Study limitation and future prospects

Although the findings of this preliminary study were promising, these results need to be interpreted with caution and confirmed in a larger group of the septic shock patients with tachycardia. The major limitation of the present research was the relatively short duration of study and not following up the patients to report their eventual outcome and survival. Another limitation of this study was adopting a heart rate threshold and not individualizing the protocol based on the patients’ characteristics. Third, based on the present study, we cannot conclude that the beneficial effects observed by the drug were solely due to controlling heart rate or due to the positive impacts of amiodarone on calcium dysregulation, etc. The last limitation is that in our medical center, the patient’s tachycardia has been controlled and modified for many years, and the use of amiodarone is a routine practice. As a result, we did not find it ethical to leave tachycardia untreated in these patients. Therefore, this study designed as “before and after”, and not as a “clinical trial”, with a control arm.

We recommend that future studies expanded to include amiodarone as a new practice in medical centers, which do not routinely manage tachycardia. It is suggested to evaluate different infusion rates of this medication to achieve the optimal dosage in this group of patients to control heart rate and also extent the duration of the study to be able to conclude whether amiodarone could also improve survival in this population or not. Investigation of the effects of amiodarone at the level of cellular level will help to address this point.

Conclusion

The results of this prospective, single-arm preliminary study on the septic patients with persistent tachycardia indicated that amiodarone successfully reduced the heart rate. Moreover, the patients had improved hemodynamic state as indicated by an increase in cardiac index and SVI. The drug was well tolerated. Amiodarone did not increase the need for vasopressor and none of the patients experienced episodes of refractory hypotension. The results of this study were promising, suggesting the use of amiodarone for the management of persistent tachycardia in the septic patients.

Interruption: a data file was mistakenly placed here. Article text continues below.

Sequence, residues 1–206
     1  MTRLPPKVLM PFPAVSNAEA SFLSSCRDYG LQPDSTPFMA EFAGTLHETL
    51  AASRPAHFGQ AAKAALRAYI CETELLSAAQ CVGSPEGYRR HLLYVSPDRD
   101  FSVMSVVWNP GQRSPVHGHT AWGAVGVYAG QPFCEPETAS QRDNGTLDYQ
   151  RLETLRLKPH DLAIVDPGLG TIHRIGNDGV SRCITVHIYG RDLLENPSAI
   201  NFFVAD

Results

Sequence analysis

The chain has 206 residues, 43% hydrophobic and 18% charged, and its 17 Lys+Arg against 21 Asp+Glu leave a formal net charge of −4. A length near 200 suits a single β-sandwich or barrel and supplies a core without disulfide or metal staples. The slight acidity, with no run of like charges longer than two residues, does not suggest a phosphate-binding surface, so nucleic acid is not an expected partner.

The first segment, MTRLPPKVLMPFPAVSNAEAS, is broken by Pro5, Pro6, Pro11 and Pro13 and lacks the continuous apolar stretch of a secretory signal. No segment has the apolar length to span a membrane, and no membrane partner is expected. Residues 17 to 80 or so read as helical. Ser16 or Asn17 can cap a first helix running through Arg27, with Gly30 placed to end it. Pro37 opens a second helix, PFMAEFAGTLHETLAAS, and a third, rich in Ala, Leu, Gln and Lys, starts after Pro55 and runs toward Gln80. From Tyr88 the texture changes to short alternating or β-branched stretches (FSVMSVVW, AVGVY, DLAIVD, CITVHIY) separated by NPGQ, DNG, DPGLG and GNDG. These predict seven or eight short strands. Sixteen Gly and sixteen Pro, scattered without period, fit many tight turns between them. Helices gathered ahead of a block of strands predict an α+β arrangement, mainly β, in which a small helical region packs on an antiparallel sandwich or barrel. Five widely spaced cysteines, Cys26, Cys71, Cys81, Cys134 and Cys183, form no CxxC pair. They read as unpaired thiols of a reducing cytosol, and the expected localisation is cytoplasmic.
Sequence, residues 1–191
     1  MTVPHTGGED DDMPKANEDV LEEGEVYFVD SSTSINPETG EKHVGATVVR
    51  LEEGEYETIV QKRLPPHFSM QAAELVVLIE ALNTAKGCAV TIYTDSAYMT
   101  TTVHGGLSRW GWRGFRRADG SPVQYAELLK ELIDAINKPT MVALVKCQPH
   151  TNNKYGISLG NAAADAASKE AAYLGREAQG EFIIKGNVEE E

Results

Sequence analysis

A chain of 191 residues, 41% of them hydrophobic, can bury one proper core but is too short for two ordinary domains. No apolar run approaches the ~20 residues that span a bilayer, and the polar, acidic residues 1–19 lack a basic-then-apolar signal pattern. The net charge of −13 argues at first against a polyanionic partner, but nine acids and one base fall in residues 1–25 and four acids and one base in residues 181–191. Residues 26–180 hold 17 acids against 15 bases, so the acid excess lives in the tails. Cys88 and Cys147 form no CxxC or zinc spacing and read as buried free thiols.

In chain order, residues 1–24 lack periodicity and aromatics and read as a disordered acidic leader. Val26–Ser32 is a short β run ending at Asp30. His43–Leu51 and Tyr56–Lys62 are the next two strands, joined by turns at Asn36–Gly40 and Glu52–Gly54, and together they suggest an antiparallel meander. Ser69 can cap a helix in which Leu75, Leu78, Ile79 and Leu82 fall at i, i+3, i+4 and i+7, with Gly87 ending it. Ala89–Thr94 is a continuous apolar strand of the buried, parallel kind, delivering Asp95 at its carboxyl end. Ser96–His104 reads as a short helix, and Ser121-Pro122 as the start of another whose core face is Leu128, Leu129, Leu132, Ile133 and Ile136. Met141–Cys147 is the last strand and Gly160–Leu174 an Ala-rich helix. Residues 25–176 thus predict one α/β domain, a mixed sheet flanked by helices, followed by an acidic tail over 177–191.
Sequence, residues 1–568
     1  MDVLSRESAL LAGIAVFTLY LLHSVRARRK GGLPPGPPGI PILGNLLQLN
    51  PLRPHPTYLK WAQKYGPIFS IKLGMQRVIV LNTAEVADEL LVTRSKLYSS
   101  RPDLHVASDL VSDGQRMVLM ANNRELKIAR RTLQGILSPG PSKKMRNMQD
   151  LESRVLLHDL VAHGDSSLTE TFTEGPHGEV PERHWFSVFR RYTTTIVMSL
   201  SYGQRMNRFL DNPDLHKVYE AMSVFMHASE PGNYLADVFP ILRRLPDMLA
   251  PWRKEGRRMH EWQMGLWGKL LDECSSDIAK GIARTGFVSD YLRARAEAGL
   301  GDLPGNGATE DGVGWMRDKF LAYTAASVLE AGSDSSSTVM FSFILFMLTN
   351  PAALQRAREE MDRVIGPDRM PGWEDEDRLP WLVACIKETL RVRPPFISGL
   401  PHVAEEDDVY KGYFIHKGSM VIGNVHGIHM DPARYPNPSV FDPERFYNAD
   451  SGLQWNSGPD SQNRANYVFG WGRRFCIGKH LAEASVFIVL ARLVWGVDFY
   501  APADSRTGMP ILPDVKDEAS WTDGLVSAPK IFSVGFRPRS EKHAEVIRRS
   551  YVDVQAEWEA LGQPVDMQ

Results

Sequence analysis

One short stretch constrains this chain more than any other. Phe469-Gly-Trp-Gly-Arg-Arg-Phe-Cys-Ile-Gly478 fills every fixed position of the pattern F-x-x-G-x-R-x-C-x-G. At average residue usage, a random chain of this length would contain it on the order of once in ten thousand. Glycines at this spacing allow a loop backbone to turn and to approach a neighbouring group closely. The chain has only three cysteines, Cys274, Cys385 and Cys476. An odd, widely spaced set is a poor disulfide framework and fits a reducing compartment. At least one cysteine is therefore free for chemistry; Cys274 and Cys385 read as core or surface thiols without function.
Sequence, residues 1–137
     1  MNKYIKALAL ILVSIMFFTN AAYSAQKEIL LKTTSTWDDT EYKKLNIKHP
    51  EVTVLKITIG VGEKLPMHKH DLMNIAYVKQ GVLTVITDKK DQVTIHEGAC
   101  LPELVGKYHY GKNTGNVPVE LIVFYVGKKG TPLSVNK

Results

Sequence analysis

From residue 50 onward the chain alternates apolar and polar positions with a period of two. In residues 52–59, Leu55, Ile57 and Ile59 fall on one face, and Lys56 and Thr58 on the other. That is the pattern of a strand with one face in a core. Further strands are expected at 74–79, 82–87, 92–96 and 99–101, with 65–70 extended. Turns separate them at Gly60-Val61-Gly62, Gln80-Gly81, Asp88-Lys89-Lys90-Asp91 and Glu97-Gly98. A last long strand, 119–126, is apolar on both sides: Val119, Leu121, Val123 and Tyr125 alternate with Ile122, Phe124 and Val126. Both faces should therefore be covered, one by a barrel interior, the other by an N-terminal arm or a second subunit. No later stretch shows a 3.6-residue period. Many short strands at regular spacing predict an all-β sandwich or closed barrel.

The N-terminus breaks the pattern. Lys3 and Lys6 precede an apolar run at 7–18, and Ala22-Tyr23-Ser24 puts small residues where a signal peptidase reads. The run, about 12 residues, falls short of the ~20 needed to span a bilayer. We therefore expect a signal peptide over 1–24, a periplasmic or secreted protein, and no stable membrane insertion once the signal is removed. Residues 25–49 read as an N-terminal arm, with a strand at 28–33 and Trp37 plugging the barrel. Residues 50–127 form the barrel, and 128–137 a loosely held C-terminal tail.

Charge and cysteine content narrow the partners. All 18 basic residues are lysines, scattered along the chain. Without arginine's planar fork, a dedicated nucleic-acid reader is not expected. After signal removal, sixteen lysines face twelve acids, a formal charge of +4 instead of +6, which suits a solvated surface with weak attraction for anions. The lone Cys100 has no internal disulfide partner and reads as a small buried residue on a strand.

Availability of data and materials

The datasets used and/or analysed during the current study available from the corresponding author on reasonable request.

The raw SPSS file of this study before analysis is available upon your request.

Abbreviations

ICU:

intensive care unit

SV:

stroke volume

SVR:

systemic vascular resistance

MAP:

mean arterial blood pressure

CO:

cardiac output

SVI:

Stroke Volume Index

CI:

cardiac index

USCOM:

Ultrasonic Cardiac Output Monitor

ECMO:

Extracorporeal membrane oxygenation

ARDS:

Acute respiratory distress syndrome

PaO2/FiO2 :

arterial oxygen partial pressure to fractional inspired oxygen

FTc:

flow time corrected

PLR:

passive leg raising

BPM:

beats per minute

SOFA:

sequential organ failure assessment

GCS:

Glasgow Coma Scale

RASS:

Richmond Agitation Sedation Scale

SD:

standard deviation

Cis:

confidence intervals

NE:

Norepinephrine

AF:

Atrial fibrillation

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Acknowledgements

The results of this trial are a part of a post-graduate thesis (Masoud khataminia).

Funding

This study was financially supported by a grant from Vice Chancellor of Research and Technology affairs of Tehran University of Medical Sciences, Tehran, Iran.

Author information

Affiliations

Authors

Contributions

MKH: collecting data, drafting the manuscript and submission. FN: design and conduction of the study, supervision of data gathering and statistical analysis and interpretation of the data. AN: head of the treatment team, the physician providing clinical visit and supervising on data records. HSH: the physician providing clinical visit and supervising on data records. AA: the physician providing clinical visit and supervising on data records. AS: collecting data, submission guidance. MM: the principal investigator and manager of the study, design and conduction the study. The author(s) read and approved the final manuscript.

Corresponding author

Correspondence to Mojtaba Mojtahedzadeh.

Ethics declarations

Ethics approval and consent to participate

The ethical committee of Tehran University of medical sciences approved the study protocol (Ethics Code; IR.TUMS.VCR.REC.1398.426). We provided a written informed consent, which was signed by patient’s next of kin.

Consent for publication

Not applicable.

Competing interests

The authors of present study declare that they have no conflict of interest.

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Khataminia, M., Najmeddin, F., Najafi, A. et al. Effect of heart rate control with amiodarone infusion on hemodynamic and clinical outcomes in septic shock patients with tachycardia: a prospective, single-arm clinical study. J Pharm Health Care Sci 7, 37 (2021). https://doi.org/10.1186/s40780-021-00219-6

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Keywords

  • sepsis-induced tachycardia
  • Amiodarone
  • Complications
  • Pelvic neoplasms
  • Prevention